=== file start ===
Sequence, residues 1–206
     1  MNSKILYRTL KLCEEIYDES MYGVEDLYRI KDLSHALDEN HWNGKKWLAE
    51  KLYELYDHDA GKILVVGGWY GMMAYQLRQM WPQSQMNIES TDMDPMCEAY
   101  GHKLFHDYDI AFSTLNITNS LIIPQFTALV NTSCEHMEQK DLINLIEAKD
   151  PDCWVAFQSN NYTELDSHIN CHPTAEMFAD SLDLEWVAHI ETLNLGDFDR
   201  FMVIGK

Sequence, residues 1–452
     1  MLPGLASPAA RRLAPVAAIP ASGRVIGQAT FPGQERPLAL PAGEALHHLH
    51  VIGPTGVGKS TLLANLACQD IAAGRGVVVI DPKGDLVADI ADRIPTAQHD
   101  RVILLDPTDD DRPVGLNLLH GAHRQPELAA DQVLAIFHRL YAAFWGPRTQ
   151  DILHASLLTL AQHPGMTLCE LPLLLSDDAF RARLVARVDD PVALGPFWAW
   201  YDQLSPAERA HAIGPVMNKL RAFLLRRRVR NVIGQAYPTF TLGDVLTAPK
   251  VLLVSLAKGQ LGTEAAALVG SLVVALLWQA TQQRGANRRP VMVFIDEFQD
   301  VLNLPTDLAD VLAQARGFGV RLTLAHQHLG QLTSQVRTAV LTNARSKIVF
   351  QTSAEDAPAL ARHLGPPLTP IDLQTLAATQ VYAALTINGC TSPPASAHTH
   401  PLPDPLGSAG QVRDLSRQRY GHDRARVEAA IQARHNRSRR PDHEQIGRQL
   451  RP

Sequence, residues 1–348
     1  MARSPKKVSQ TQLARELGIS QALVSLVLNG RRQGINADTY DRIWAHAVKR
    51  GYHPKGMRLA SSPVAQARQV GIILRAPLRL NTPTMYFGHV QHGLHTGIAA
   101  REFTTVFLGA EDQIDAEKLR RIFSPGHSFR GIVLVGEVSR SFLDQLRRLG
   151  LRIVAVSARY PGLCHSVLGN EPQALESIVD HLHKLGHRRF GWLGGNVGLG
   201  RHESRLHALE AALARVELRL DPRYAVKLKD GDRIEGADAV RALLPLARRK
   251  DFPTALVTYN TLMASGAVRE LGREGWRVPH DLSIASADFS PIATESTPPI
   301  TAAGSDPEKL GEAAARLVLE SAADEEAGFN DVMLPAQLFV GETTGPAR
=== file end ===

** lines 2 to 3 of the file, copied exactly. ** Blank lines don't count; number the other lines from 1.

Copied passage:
     1  MNSKILYRTL KLCEEIYDES MYGVEDLYRI KDLSHALDEN HWNGKKWLAE
    51  KLYELYDHDA GKILVVGGWY GMMAYQLRQM WPQSQMNIES TDMDPMCEAY